Development of resistance during antimicrobial therapy is common.

For the special patient populations studied in this application - adult and paediatric ICU patients, burns, cystic fibrosis, obese, post-transplant, pneumonia and patients receiving renal replacement therapy - prolonged hospital stays are common, exposing the patient to more infections and more antimicrobial courses.

Our previous studies of common antimicrobials, piperacillin and meropenem, have quantified major pharmacokinetic alterations in adult ICU patients, whereby they display a unique spectrum of plasma concentration time profiles. There is a clinical imperative to describe the impact of these altered and highly variable antimicrobial exposures on bacterial killing and the emergence of resistance. This project addresses this considerable knowledge gap and will determine how contemporary antimicrobial dosing in these special patient populations leads to the emergence of resistance.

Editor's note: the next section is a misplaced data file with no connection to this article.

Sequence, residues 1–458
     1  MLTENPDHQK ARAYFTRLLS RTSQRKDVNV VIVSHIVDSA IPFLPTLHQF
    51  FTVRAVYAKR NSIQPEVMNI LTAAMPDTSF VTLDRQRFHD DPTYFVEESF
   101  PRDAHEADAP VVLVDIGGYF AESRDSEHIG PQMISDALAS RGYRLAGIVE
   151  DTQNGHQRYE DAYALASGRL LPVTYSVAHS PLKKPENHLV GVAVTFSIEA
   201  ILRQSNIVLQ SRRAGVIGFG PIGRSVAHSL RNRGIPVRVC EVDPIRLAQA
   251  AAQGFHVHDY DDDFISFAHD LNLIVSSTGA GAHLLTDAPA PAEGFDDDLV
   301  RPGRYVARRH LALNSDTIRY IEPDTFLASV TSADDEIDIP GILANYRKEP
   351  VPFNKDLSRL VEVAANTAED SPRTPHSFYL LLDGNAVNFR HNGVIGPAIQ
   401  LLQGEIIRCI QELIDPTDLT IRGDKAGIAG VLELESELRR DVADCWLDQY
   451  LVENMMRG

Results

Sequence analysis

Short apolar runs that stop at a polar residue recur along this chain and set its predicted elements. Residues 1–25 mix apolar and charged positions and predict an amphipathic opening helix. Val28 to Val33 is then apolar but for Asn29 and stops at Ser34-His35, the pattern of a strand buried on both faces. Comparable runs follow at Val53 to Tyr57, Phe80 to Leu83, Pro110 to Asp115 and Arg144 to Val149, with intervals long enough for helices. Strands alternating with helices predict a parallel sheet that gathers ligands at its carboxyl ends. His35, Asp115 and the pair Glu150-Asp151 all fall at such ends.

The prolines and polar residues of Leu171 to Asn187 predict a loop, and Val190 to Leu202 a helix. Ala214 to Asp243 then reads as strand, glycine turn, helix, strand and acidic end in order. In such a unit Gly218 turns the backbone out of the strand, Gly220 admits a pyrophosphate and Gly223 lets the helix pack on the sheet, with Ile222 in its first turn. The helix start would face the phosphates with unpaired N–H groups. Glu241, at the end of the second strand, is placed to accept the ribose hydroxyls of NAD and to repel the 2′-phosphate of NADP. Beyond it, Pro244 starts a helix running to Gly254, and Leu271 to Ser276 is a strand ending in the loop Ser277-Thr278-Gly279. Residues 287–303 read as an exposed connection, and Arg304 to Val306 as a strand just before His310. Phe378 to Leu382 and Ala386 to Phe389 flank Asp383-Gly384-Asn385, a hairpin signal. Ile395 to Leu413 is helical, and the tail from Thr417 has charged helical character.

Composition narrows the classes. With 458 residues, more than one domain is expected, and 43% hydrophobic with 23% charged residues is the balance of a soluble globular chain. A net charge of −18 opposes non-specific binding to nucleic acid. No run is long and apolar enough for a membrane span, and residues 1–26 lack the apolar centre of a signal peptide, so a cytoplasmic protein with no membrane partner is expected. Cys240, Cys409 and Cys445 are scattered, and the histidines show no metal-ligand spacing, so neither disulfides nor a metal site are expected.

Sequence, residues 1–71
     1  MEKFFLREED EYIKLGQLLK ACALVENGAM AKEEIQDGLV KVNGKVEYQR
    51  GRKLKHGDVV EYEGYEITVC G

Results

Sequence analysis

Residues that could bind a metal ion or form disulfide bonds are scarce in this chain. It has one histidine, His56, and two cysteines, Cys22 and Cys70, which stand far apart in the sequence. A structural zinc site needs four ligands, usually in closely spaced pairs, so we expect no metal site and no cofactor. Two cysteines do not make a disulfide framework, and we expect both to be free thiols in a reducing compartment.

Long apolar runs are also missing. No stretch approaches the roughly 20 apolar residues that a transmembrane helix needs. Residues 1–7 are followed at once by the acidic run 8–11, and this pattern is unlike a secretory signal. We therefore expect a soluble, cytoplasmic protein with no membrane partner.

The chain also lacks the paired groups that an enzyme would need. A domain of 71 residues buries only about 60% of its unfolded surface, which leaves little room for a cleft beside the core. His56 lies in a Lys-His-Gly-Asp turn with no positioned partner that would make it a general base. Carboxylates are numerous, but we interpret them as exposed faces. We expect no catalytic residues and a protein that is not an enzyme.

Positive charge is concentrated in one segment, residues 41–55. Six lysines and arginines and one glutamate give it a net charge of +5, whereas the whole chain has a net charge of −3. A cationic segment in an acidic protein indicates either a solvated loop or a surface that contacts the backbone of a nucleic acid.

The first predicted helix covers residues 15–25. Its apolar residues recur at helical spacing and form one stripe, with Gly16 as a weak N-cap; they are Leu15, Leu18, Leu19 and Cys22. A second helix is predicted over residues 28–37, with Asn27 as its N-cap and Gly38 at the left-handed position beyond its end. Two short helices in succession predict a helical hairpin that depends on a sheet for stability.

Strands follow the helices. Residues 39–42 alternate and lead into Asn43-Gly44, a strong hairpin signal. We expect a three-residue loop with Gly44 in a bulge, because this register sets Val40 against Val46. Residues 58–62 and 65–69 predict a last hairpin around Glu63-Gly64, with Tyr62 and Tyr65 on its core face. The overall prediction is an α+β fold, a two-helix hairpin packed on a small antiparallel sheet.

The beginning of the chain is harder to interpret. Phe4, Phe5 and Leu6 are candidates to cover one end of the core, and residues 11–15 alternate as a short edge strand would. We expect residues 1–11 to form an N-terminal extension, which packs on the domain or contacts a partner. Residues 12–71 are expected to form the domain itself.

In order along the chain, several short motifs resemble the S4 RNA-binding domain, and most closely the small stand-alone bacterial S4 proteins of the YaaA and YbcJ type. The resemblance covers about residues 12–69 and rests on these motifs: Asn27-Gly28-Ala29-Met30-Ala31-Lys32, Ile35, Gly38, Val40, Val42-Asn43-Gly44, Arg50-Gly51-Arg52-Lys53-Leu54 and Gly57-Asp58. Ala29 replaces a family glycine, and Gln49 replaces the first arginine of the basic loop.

Project members

Professor Jason Roberts

Chief Investigator and CRE lead

Dr Cornelia Landersdorfer

Associate Investigator

Professor David Paterson

Associate Investigator

Professor Jeffrey Lipman

Chief Investigator